Agency Head Addresses Allegations of Whiting Abuse - NBC Connecticut

Agency Head Addresses Allegations of Whiting Abuse

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    NEWSLETTERS

    (Published Monday, May 15, 2017)

    The Commissioner of the Department of Mental Health and Addiction Services is talking exclusively to the NBC Connecticut Troubleshooters about a case of alleged abuse that now has more than two dozen state employees on leave. The case involves the maximum security Whiting Forensic Division of Connecticut Valley Hospital in Middletown. 

    Karen Kangas, the co-conservator of the male patient at the center of the alleged abuse at the Whiting Forensic Division, has worked with him for more than two decades. She visited him at Whiting last week.

    “By looking at him, he's been abused a long time,” she told the Troubleshooters.

    The patient's alleged abuse over a two month period was discovered on surveillance video flagged by a whistleblower. Kangas got a description of what happened by administrators at the state Department of Mental Health and Addiction Services, or DMHAS.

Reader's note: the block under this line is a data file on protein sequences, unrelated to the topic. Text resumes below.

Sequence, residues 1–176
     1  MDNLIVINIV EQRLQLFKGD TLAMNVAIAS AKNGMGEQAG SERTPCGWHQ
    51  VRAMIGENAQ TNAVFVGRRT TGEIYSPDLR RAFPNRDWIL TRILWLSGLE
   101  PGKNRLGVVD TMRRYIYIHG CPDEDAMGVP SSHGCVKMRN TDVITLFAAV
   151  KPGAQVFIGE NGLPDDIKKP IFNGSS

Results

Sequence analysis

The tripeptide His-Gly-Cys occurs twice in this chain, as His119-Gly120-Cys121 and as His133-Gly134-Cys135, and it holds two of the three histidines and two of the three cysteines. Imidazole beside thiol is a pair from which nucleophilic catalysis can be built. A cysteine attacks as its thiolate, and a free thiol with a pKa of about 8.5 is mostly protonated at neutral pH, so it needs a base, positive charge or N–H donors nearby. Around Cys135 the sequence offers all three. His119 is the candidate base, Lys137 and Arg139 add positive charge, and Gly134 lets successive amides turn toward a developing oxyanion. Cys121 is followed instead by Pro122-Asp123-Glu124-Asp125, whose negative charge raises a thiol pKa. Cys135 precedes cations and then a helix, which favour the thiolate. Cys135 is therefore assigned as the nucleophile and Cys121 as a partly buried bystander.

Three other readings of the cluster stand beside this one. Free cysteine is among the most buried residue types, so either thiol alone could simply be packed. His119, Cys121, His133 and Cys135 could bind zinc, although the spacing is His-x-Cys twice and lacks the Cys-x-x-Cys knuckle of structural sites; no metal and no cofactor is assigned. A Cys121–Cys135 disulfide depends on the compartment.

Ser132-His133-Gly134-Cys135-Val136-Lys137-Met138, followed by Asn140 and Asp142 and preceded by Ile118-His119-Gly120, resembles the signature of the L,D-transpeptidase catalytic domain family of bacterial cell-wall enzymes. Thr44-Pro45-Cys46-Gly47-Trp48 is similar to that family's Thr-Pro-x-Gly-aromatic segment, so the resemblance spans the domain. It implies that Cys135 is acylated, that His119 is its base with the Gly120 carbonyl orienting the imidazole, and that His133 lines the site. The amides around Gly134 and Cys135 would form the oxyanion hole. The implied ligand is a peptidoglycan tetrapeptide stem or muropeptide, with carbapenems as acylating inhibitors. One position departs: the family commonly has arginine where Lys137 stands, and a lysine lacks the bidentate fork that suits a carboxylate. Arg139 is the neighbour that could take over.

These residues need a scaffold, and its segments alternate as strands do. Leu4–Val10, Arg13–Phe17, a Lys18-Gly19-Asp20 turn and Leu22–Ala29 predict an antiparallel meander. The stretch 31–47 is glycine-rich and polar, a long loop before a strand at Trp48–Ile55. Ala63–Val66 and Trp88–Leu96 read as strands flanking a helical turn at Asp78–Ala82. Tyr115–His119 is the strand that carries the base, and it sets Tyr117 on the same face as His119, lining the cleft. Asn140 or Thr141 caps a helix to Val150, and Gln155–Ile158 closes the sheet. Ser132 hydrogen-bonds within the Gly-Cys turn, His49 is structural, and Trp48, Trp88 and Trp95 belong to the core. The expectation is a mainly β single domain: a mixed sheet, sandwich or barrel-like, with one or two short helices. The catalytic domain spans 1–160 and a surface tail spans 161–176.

“Kicked him and laughed at him, and made fun of him, and somebody said they went by and just spit at him," she said.


    DMHAS Commissioner Miriam Delphin Rittmon cannot share much about the case at Whiting. She does say she took immediate action as soon as the patient abuse allegations surfaced.

    “The video let us know that, immediately once I saw it, called in the state police, and wanted a thorough and ongoing investigation. The Department of Public Health is involved as well," Rittmon said.

    So what happens next at Whiting? The commissioner says, more administrators on the hospital floor, staff retraining, especially on proper reporting of abuse, and even more surveillance.

    “What we're doing now is and we're focusing on you know what we can do to decrease the likelihood of this ever happening again. So things like increasing cameras not just so Whiting but all over campus, also things like you know viewing the video footage live."

    The commissioner adds she has brought on new staff, former staff, and administrators to help treat the dozens of patients at Whiting while the 27 employees remain on leave. She could not give an approximate timeline on how long the state police investigation into the alleged abuse will take.


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